In and of itself, Christian music is not racist. I am not saying that those involved are expressly racist. I also do not hope to belittle those people of color involved in the Contemporary Christian Music market. However, as a kid who grew up idolizing Christian musicians and found identity in the fandom and scene, I can see how that same scene helped create some subtle views.
Racism is not always overt. Racism is not all KKK and cross burnings. In fact most of it is sly and subtle and sneaks up on you. Most of it comes in microaggressions and in the form of White Privilege. For those like me, heavy on the WASP, we don’t have to notice it. That does not make it better. Whether we see it or not does not remove anything.
As a kid growing up in youth groups and Christian circles I was repeatedly told that “secular” music was sinful. The battle for my soul was being fought on many fronts and my ears and brain were involved. God wanted me to support and rock out to Christian music, and thanks to some indie labels, I could embrace Jesus and punk rock at the same time. Today we still have Christian metal bands, punk bands, emo bands, rock bands, rap artists and more. However, this created something I now see as problematic. It created a very whitewashed world.
The vast majority of bands I listened to were white. The vast majority of people I was told I could safely look up to, listen to and hope to emulate were white. Secular music was of the devil, seeking to scar my soul. And so I didn’t listen to secular rap, jazz, rock and roll, or most of the stuff out there. I didn’t explore the history of rock and roll or modern music, because in the span of a few years one easily slipped back into dangerous ground. Christian music exists in a strange a-historical liminal space of no past. I missed out on the roots music formed by black folks. No blues, no jazz, no blacks.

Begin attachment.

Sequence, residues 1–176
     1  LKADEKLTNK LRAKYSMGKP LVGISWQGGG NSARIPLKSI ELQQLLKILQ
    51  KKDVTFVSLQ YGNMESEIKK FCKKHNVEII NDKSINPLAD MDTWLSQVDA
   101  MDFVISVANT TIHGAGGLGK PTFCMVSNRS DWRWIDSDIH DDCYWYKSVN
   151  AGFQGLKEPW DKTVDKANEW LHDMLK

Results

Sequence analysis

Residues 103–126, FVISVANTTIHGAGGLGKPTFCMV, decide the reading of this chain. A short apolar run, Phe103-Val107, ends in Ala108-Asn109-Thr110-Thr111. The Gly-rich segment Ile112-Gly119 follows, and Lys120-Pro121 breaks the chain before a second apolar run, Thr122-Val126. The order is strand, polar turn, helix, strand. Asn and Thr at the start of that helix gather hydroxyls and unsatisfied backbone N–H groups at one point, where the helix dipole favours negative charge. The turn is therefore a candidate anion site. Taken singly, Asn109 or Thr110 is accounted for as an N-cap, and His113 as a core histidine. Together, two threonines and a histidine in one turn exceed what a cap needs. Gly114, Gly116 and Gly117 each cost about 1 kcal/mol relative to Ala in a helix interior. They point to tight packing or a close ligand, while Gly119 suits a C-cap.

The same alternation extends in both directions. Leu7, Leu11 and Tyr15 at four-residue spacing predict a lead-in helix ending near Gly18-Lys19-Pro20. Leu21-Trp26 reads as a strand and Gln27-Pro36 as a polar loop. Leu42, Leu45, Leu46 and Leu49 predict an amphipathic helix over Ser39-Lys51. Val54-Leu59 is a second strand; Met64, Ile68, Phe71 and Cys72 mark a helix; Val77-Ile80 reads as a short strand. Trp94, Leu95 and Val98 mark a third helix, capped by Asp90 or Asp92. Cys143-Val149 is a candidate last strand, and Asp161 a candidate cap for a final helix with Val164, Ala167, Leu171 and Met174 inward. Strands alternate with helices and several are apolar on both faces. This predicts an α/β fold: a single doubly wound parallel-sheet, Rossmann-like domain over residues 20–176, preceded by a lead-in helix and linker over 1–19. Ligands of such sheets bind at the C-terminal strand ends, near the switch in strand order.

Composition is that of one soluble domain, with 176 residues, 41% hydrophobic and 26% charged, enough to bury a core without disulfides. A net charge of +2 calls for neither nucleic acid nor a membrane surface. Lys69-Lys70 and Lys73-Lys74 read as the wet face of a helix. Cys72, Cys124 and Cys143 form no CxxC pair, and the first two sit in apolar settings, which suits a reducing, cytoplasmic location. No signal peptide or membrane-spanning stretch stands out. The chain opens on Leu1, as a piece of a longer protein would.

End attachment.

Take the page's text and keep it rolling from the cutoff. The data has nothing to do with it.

Now, there were some minorities and some people of color. POD had some latino members and an African-American, and their color stood out. However, nothing was mentioned of their color. They were just Christian. They weren’t celebrated for their culture, at least in our town and church. Their skin tone was washed in the blood just like mine. Race wasn’t talked about. Race wasn’t apart of it. The music was worship. The music was for the soul and nothing else.
While today the situation is a bit better, artists like Mandisa regularly make the charts but I still wonder. When was the last time any of these artists spoke out about race? The only time I hear about it is from TobyMac and his Diverse-City. But he is a white guy. Does CCM allow it’s artists of color to speak about race or do we ask them to sing but not speak?
I’m not entirely sure of the connection here but I do know that for me, and in my upbringing, I missed out on good music from good people. Growing up my heroes were white. Growing up, the voices I heard speaking were like mine, and it reinforced some things. Things I’m now trying to get rid of.